Creating the Next Generation of National Forest Plans

I was going to call it “A New Century of Forest Planning,” but it looked like that was taken.  For those of you who were attracted to this blog by its original title, you may find this article useful.

Thanks to the Bolle Center for publishing it.  It seems appropriate that one of the students whom Dr. Bolle mentored in the early 70s can use the institution honoring him to critique the state of the law and policies he helped inspire – and hopefully continue his role of bringing attention to public lands management controversies.

11 thoughts on “Creating the Next Generation of National Forest Plans”

  1. “The Bolle Center “perspectives” platform provides a space to take on some of the
    more challenging and controversial issues in federal lands and wildlife
    management. The Center believes that it is possible to thoughtfully discuss and
    debate important conservation issues in an intelligent, respectful, and engaging

    Criticism for expressing an opinion wasn’t what I expected from participants on this blog. It would be more interesting to hear what you think about what I said.

  2. Jon, have you ever been up to the evil terraces that Arnold Bolle so opposed? Have you seen the trees? It worked, and with the regrowth and infill, looks fine.
    And Martin Nie is a political science doctor. Great, he has a doctorate and he’s applying it. But he’s clearly a preservationist, is happy with federal policies as they now rest, loves DeVoto. Just another colonist from the other side.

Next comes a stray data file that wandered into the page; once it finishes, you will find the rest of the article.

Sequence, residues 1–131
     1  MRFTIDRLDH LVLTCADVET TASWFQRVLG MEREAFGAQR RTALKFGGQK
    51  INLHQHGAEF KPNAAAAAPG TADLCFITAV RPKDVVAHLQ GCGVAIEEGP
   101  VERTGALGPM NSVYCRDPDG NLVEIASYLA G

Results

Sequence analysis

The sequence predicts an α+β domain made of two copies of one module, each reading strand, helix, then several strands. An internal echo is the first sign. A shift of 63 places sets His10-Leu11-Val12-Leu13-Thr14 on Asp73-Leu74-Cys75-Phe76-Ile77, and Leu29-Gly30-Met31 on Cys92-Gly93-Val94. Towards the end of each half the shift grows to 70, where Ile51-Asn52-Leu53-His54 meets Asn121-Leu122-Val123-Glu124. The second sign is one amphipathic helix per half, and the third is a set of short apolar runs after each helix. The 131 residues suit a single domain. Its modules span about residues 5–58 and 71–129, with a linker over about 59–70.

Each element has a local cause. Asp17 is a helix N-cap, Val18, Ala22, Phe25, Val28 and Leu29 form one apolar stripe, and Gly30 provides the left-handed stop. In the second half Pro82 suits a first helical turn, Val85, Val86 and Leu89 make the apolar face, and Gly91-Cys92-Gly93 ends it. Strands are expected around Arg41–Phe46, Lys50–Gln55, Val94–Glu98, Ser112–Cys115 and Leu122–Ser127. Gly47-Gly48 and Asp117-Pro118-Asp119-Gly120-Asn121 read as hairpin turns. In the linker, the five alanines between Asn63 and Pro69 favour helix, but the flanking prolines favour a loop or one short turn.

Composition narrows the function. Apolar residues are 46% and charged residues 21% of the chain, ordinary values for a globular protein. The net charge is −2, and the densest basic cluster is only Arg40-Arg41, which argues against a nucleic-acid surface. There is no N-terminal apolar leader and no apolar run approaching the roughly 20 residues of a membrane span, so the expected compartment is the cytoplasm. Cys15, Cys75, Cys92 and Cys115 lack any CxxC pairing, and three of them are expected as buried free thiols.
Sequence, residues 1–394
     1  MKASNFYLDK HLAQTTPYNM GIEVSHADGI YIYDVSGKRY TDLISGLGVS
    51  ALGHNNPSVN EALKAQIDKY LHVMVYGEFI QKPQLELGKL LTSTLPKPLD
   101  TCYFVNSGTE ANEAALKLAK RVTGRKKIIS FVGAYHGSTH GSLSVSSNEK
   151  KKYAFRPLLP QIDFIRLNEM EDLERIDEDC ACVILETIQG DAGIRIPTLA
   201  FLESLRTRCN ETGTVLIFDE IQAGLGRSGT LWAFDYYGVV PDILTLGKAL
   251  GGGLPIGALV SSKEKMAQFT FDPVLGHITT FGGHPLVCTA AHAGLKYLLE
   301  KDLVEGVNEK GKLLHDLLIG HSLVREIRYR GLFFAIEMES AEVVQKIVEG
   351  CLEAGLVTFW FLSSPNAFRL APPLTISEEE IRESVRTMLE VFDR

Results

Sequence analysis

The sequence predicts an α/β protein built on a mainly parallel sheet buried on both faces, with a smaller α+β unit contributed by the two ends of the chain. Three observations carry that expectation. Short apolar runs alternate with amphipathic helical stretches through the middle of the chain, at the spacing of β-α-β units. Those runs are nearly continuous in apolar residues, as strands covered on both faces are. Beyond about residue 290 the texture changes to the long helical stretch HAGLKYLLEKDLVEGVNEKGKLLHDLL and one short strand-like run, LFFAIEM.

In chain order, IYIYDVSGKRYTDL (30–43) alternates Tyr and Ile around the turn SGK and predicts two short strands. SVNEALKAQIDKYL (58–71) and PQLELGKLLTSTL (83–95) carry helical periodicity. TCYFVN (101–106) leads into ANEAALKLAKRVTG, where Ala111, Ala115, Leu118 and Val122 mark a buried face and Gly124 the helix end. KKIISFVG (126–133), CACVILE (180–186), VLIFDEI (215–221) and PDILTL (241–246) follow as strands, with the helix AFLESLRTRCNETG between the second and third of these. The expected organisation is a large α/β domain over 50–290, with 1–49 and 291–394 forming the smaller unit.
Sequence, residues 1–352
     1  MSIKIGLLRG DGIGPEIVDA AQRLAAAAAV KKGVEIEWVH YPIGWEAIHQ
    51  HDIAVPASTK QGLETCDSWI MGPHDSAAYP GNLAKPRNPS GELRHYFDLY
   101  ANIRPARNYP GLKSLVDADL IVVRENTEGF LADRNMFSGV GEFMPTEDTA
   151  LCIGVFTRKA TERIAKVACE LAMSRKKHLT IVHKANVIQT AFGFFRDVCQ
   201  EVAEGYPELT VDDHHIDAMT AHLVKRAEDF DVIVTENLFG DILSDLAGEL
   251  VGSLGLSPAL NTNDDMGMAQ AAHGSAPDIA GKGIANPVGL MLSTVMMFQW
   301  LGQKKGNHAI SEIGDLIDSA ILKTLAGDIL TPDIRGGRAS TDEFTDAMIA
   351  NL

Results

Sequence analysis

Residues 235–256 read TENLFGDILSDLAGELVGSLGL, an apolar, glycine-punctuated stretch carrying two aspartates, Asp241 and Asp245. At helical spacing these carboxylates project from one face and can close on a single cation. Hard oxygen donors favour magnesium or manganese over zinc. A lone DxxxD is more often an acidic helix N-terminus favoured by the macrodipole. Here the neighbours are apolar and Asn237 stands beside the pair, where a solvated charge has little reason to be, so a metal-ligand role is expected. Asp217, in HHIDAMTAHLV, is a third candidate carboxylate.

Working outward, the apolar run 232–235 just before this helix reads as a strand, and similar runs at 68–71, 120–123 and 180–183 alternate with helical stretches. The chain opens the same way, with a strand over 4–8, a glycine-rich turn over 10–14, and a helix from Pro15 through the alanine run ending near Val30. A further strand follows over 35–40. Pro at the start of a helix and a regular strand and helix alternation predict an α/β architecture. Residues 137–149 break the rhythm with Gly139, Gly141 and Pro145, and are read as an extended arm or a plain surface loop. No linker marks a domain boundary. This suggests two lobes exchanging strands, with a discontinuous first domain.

3. Hmmm… what does Bolle controversy and trees on the Bitterroot today have to do with Haber’s analysis of 2012 planning rule? And, while cute, Dave, your comments really don’t seem to fit the comment considerations the blog aspires to. Like Jon, I too am interested in reading about views on the content of his analysis. I suspect many people outside the FS (inside the FS, as well?) might find it quite helpful in navigating through the planning regs. One function of the blog can be to provide a similar, comparative “Skinner analysis.”

    • I concur Mr. Furnish. I’ve curtailed my commenting on here for precisely that reason. Also, to confirm your suspicion, I emailed Jon’s analysis to several people I know in the agency. And yes, they (as I) found it quite illuminating.

      Thanks Jon 🙂

  4. I read Jon analysis and had trouble finding the point. But then I do not work for the Forest Service or am I not a academic. I do appreciate Jon’s contributions’ to this blog. I think one thing that needs to be taken into account is the utter frustration one can experience when dealing with out current public forest policies and “plans”. I am afraid the direction we are going will be the end of our public working forests. Seems like all this planning is going to result in our forest either belonging to corporations or being wilderness, burnt up wilderness at that. It all these discussions there has been no place for the local working communities. Where is the vision from our forest leaders for healthy public forests that are children can enjoy and work in? Try to buy a tree from our public forests that you would like to create something out of.